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    HP Makes 3D Scanning More Accessible

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    Q1 2015 IT Reality Check: Budgets, Hiring, Trends

    As part of an effort to make 3D peripherals accessible to a broader number of people, Hewlett-Packard today unveiled a $299 turntable that makes it simpler to capture 3D images using the company’s line of Sprout PCs.

    Eric Monsef, head of highly immersive systems for HP, says the turntable coupled with a new version of HP Capture software enables organizations to capture a full 3D image on any object. Once in the system, that image can then be modified or shared with any number of other users over, for example, email, says Monsef.

    The HP Sprout system, which makes use of Intel RealSense 3D technology, can then be integrated with any local 3D printer or 3D printing service. HP as yet does not offer its own 3D printer, but has promised to enter that market by late 2016. In the meantime, the company is investing heavily in associated 3D systems technologies, including scanners, and has formed alliances with 3D printer manufacturers such as Dremel.

    HP-Sprout-3D-Capture-StageThe HP 3D Capture Stage turntable automatically tilts 15 degrees to make sure that all aspects of any given object are captured.

    Obviously, HP’s primary focus when it comes to 3D printing technologies will be on industrial, corporate and medical applications versus the hobbyist market that has sprung up around 3D printers in the last couple of years. Of course, as has been proven many a time in the last few decades, the next great idea is just as likely to come out of someone’s garage as it is a major research center.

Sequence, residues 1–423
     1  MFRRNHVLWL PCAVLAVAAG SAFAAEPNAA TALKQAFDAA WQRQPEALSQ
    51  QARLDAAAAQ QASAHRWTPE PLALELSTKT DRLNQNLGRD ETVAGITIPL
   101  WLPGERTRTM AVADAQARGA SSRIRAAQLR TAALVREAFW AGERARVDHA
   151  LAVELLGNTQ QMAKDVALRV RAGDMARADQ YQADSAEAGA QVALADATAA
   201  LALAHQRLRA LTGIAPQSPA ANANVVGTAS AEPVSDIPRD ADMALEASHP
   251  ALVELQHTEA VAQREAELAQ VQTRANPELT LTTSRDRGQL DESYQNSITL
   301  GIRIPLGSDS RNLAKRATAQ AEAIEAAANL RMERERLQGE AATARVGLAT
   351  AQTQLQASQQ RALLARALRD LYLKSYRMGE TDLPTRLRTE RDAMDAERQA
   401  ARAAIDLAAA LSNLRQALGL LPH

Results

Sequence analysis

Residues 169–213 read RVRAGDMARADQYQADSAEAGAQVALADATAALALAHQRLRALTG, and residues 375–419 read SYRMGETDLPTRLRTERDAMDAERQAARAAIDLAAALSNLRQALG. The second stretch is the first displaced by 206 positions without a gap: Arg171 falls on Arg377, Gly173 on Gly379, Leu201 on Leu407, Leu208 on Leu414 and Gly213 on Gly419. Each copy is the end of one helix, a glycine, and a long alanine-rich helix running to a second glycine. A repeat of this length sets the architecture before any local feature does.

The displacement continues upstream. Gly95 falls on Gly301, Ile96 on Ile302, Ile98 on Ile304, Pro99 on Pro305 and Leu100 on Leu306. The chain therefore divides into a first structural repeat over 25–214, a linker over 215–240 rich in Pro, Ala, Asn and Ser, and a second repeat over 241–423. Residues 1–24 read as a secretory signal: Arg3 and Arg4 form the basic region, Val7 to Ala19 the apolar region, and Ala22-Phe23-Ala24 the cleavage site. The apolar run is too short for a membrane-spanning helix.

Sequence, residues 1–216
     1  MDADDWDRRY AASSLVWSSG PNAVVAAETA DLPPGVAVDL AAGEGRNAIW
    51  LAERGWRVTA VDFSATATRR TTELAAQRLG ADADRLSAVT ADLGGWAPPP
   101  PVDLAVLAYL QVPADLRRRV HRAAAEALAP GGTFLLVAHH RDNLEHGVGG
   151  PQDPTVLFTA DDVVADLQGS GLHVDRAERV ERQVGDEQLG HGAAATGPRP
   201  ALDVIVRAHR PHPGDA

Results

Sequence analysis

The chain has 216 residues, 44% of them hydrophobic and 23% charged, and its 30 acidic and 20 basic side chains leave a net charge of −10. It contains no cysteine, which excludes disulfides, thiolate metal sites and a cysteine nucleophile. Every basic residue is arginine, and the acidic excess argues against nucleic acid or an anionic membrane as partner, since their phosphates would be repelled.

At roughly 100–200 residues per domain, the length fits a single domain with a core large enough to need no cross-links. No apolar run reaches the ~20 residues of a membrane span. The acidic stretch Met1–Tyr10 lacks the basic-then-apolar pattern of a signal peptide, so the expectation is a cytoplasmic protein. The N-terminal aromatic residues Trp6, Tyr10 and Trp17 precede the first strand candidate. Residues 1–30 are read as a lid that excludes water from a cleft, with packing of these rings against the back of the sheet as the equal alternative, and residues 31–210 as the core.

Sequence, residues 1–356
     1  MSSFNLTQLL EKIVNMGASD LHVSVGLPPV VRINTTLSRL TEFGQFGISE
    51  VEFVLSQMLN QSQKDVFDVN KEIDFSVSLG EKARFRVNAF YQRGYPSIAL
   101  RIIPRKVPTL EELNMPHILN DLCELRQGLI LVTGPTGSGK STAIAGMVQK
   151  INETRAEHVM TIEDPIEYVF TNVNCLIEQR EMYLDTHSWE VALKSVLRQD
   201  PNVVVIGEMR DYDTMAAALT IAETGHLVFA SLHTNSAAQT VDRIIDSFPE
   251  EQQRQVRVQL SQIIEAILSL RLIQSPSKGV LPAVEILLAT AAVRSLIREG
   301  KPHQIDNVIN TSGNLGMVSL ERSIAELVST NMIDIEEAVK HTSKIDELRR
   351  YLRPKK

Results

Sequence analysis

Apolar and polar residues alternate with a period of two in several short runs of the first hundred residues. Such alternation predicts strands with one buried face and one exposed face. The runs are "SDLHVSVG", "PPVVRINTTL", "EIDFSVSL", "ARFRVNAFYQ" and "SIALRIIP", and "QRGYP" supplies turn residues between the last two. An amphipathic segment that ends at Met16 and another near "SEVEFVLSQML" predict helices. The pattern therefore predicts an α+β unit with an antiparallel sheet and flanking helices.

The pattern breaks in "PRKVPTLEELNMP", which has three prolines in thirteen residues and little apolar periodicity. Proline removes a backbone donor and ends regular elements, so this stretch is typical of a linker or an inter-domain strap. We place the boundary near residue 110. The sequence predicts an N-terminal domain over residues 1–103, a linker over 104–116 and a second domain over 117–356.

Mike Vizard
    Mike Vizard
    Michael Vizard is a seasoned IT journalist, with nearly 30 years of experience writing and editing about enterprise IT issues. He is a contributor to publications including Programmableweb, IT Business Edge, CIOinsight and UBM Tech. He formerly was editorial director for Ziff-Davis Enterprise, where he launched the company’s custom content division, and has also served as editor in chief for CRN and InfoWorld. He also has held editorial positions at PC Week, Computerworld and Digital Review.

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